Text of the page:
HK's pluses 'can't be easily replicated'

Pamela Lin

HK's pluses 'can't be easily replicated'

Hong Kong’s strong foundation as an innovation and foreign investment center worldwide has remained intact, backed by a string of factors, including the city’s status of a global financial and business hub, according to professional angel investor John Ason.

He cited the city’s rule of law, its history and people with rich cultures distinctive from other regions around the world, which provide investors with greater accessibility that could not be replicated elsewhere.

Talking to China Daily on the sidelines of the Cyberport Venture Capital Forum in Hong Kong on Tuesday, Ason said he sees the ongoing social unrest having just a short-term negative impact on the local tourism and other businesses.

In the long term, he believes the central government and the HKSAR government could come out with good resolutions to end the unrest.

Boosted by prospects created by the Guangdong-Hong Kong- Macao Greater Bay Area development, Ason, who has more than two decades’ experience in angel investing, said tremendous opportunities have emerged in the region for startups and investors alike.

“The advantage you have is the enormous 70-million population who are potential customers within walking distance,” he noted, adding this is what other countries and regions with smaller populations are dying for.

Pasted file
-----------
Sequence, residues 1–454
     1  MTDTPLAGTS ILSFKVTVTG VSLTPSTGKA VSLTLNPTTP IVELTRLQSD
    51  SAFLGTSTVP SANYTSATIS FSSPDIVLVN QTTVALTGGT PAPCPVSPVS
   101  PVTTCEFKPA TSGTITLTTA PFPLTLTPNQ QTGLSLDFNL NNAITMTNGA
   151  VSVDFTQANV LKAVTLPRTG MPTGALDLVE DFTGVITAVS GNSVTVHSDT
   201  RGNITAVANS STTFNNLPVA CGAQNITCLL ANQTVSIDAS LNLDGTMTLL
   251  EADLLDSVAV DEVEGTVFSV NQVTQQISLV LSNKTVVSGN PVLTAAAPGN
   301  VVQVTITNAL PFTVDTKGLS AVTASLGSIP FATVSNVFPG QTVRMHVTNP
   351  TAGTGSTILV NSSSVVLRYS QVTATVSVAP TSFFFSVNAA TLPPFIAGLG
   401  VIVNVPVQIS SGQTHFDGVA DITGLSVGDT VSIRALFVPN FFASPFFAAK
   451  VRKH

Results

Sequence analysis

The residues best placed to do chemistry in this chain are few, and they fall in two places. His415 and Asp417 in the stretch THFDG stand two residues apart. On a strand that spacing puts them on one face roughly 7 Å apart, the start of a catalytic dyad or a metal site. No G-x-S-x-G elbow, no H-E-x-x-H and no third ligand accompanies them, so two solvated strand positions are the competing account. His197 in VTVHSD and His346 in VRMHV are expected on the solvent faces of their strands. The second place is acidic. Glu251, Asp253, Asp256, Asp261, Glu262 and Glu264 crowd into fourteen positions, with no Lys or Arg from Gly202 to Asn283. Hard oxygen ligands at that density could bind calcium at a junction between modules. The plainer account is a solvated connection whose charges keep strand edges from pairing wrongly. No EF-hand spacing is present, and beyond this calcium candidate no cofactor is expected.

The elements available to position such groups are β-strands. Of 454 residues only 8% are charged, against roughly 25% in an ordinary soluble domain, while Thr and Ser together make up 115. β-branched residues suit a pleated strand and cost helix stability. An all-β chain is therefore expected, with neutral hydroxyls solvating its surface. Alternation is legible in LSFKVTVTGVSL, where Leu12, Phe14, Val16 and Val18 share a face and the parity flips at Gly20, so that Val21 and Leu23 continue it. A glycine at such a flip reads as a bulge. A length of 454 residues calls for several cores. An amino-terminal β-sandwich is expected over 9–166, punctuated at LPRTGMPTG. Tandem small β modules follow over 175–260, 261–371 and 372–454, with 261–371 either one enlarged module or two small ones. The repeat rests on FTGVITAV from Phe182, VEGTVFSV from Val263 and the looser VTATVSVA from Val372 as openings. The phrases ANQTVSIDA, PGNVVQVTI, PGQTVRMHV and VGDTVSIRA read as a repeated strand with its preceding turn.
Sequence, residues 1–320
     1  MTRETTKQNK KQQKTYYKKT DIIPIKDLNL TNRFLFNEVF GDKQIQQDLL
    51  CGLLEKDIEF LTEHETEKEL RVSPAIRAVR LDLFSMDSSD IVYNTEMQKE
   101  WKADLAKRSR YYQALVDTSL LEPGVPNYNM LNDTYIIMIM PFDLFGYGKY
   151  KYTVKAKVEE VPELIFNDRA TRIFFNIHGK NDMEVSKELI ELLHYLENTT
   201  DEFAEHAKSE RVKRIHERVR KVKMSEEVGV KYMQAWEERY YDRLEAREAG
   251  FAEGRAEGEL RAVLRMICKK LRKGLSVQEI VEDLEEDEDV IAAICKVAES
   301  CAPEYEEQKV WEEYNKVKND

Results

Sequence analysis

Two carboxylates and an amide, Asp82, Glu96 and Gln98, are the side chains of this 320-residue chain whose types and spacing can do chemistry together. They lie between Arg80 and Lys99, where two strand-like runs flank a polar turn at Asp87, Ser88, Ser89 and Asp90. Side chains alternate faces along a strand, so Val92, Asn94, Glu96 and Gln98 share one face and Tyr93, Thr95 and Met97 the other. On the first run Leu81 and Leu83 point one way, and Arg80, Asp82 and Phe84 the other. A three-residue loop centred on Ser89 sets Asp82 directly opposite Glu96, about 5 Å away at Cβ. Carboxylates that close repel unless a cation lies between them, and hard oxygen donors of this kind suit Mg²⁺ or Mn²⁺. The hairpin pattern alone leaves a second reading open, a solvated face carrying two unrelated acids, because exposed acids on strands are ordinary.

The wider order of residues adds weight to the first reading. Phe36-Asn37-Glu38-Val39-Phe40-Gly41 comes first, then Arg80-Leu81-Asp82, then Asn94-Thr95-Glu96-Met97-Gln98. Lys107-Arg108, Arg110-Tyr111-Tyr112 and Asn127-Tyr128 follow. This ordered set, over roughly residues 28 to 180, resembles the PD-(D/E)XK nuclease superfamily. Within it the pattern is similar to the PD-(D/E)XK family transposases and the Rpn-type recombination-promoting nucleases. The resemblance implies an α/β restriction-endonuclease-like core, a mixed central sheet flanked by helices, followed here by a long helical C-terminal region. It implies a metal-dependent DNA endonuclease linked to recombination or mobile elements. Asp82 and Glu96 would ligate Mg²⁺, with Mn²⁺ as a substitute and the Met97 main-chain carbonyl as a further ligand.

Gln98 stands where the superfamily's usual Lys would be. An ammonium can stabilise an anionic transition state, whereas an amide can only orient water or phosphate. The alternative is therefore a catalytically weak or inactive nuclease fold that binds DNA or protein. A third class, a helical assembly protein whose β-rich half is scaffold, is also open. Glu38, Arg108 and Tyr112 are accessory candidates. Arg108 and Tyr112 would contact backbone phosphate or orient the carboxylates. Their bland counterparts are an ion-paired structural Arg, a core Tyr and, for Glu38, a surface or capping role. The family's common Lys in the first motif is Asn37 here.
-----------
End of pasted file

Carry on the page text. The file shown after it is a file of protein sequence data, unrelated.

Another key major advantage of the Bay Area is Hong Kong’s essential role as a global financial hub where international business is booming, he said. Ason said he’s now looking at startups’ portfolios in Hong Kong in search of the next pre-revenue company with potentials.

Ason shared his investment philosophy before joining the roundtable panel discussion themed “Then and Now: The New Formula for Early Stage & Angel Investment”, co-organized by China Daily and Cyberport.

Unlike most investors nowadays who look mainly at the revenues of early-stage companies, Ason specializes in investing in pre-revenue companies with few customers. His job is to help those startups focus on a customer segment to generate revenue and grow as a mentor.

In the past 20 years, Ason has made more than 90 eclectic investments in the fields of e-commerce, technology, advertising, digital social media and entertainment. His 90 companies boast of 21 female founders and 14 international enterprises with 30 currently active firms.

“As an investor, I want to invest in regions with a rule of law and history that we’re comfortable with instead of countries with laws that I can’t understand,” Ason, said, speaking from an angel investor’s perspective.

He also stressed the value of people, which is one of the criteria he would be looking at in investments. Ason said Hong Kong’s young people do have the entrepreneurship spirit as the city has a thriving startup culture.

Angel investment — an investment plowed into new or small business ventures for expansion — has gone through earth-shaking changes with the rapid development of the internet and digitalization.

Ason recalled that when he started angel investing 22 years ago, his crew had to buy a computer server, a computer with a high cost. However, information technology has since lifted efficiency and lowered costs, and the speed of developing companies has also become dramatically faster.

“The founders and entrepreneurs tell me what the trends are and what the future holds. I follow them,” Ason said. “It’s the people, sharing ideas and working together that bring in other angel investments and venture capital,” he explained.